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Thermal imaging cameras for warehouse asset protection

Supplier: FLIR Systems Australia
20 June, 2011

Worldwide, warehouses are stocked with highly valuable goods.

Protecting these goods against theft is of the utmost importance. But theft is not the only danger. An even greater danger is fire. Fire can destruct an entire warehouse within an extremely short timeframe. The value of the destroyed goods during a fire can be tremendous and the cost of a life that is lost during a fire is impossible to calculate. Statistics show high increase in assets loss due to fire although warehouses are equipped with fire alarms and fire fighting systems.

Critical Content Monitoring
Many types of material are exothermic without exposure to an external stimulus. Their internal temperature can increase to the point where they begin to burn spontaneously. The resulting fire and intense heat can cause the material in other containers to ignite; ultimately the warehouse structure, electrical wiring, and equipment can be destroyed.

Although warehouses that are storing exothermic equipment are more susceptible to fire than others, a fire can break out in any warehouse. No matter which goods are stored in it.

CCTV cameras
Warehouses and other facilities need to be protected against fire. There are different options to do this. CCTV cameras can be installed to monitor for smoke or flames. The disadvantage is that when smoke or flames starts to produce, the fire has already set in. CCTV cameras are also only able to produce a good quality image when there is enough light. In a warehouse where windows are scarce, this is not often the case. Certainly not during the night. This means that lighting needs to be installed. Not only is the installation expensive, also powering up the lights and periodical light bulb replacement is extremely expensive.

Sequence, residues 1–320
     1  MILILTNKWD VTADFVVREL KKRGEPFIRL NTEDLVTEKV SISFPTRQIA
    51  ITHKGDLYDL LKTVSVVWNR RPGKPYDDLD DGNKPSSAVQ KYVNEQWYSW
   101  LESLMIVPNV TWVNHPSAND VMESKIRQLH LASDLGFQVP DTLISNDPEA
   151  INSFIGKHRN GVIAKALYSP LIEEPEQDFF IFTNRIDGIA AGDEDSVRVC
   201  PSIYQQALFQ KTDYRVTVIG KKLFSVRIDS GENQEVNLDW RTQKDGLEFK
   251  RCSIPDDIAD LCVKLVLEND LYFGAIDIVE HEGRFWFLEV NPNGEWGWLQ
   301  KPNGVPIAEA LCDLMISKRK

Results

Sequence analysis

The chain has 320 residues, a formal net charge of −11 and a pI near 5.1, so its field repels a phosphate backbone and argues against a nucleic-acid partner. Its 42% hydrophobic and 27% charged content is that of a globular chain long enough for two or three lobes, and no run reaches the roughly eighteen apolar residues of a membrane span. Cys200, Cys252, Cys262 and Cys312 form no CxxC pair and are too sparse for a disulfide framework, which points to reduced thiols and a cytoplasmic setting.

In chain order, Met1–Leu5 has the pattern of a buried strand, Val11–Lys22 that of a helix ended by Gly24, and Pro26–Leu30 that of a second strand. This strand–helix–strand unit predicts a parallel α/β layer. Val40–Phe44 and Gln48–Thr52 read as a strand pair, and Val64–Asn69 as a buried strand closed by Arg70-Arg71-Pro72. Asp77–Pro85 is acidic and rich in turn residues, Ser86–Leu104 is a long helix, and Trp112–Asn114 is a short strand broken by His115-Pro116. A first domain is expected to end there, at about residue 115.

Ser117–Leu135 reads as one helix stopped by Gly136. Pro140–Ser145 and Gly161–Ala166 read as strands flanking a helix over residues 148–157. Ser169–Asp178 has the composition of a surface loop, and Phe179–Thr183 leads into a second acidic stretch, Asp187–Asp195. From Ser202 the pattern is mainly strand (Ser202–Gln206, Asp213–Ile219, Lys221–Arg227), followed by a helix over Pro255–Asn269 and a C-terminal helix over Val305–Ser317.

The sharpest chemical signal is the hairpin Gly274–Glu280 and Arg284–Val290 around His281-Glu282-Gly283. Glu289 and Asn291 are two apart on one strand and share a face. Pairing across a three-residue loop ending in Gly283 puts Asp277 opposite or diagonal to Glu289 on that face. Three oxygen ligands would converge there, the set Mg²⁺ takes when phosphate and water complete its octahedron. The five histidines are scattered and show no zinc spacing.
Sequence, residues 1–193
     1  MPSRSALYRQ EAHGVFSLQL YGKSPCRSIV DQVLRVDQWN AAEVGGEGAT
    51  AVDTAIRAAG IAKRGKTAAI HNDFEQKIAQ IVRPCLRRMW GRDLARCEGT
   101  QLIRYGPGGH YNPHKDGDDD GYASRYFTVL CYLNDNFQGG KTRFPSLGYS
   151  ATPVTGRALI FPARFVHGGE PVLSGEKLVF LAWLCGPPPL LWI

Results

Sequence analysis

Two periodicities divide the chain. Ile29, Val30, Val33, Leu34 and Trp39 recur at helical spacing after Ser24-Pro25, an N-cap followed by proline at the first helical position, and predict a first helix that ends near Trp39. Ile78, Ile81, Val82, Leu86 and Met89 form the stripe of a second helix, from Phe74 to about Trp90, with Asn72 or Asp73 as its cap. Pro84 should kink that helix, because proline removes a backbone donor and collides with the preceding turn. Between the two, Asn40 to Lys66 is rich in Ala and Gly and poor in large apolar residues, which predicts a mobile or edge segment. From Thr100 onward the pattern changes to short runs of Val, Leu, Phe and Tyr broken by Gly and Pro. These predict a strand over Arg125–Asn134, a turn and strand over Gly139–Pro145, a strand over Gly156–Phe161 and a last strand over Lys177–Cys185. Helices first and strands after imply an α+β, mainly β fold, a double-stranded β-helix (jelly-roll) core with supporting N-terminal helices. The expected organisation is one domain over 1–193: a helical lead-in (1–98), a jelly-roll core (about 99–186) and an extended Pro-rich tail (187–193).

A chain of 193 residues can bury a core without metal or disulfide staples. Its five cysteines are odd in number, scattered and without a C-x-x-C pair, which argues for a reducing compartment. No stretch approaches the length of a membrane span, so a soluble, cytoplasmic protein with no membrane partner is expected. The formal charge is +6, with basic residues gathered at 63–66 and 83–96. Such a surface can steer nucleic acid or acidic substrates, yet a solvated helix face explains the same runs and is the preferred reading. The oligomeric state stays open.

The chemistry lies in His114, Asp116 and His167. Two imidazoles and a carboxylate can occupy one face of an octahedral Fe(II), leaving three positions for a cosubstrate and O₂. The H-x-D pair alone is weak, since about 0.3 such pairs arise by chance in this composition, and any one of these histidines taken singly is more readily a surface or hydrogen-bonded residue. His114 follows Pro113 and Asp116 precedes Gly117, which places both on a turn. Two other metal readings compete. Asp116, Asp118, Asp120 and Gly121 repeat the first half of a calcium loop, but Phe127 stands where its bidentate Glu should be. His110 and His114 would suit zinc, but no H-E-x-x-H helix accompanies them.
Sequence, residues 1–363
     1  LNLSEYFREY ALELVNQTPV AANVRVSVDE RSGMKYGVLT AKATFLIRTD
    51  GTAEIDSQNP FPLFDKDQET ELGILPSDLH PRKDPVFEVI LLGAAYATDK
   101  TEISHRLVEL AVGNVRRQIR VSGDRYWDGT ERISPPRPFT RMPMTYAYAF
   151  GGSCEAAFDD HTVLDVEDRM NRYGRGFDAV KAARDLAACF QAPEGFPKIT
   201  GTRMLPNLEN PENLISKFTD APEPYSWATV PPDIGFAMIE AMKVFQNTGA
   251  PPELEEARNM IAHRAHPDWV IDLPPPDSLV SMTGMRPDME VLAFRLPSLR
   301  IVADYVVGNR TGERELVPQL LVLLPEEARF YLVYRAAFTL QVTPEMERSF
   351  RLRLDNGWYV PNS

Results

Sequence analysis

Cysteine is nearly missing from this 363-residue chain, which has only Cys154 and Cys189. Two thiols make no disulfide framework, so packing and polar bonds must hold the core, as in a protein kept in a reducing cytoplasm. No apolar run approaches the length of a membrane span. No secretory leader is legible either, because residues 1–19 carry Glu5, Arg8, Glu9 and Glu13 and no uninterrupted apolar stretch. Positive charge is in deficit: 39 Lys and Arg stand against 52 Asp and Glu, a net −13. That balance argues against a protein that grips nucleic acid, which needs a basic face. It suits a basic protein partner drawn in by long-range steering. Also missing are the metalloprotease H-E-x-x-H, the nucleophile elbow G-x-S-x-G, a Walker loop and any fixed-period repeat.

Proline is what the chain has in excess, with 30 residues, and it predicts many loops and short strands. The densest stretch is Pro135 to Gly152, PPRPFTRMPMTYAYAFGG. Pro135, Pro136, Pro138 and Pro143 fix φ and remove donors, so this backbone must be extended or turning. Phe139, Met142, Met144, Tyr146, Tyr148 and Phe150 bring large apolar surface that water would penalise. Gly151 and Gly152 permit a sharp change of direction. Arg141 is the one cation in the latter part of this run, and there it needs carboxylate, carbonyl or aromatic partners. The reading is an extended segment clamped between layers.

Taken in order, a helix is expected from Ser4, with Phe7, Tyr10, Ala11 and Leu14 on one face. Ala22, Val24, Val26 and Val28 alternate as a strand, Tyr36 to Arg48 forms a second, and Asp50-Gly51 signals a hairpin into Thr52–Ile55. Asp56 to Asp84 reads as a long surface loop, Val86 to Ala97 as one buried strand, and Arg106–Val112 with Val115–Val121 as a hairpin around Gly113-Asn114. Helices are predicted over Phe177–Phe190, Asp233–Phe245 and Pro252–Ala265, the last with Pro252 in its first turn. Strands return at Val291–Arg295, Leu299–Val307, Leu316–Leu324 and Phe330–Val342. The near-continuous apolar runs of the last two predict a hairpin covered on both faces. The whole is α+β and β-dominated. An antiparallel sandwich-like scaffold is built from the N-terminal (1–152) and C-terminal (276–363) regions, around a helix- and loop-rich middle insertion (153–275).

Another disadvantage of CCTV cameras is that you can only see smoke or flames when the images are properly contrasted. A small amount of grey smoke against a grey background will not immediately be noticed.

Smoke detectors and sprinkler systems
Smoke detectors and sprinkler systems are another option to minimise the risk to warehouse contents. But not all fires are the same and not all smoke detectors respond well to all types of fires.

There are two main types of smoke detectors - ionisation and photoelectric - contain technologies that work well under some circumstances and not so well in others. Ionisation detectors respond more promptly to fires involving high flames, and photoelectric detectors alert more quickly to slower-burning, smoldering fires. Depending on the type of fire that is breaking out smoke detectors might therefore not respond as well as expected.

Smoke detectors can also generate quite some unwanted alarms. They can be triggered by steam and by dust. Installing smoke detectors near stoves, ovens or other heat and smoke generating devices is a quick recipe for unwanted alarms. Unfortunately, these areas are among those most in need of careful monitoring for fire hazards. Heat detectors, which sound alarms based on sharp temperature change, are worthy substitutes in such areas.

But the main disadvantage of smoke detectors is that they represent a response to fire that has already broken out.

Thermal imaging cameras
FLIR thermal imaging cameras go a step further by providing an early warning response to hot spots that are detected. This is important for all types of warehouses but in particular for those that contain contents that that are prone to spontaneous combustion, or highly flammable.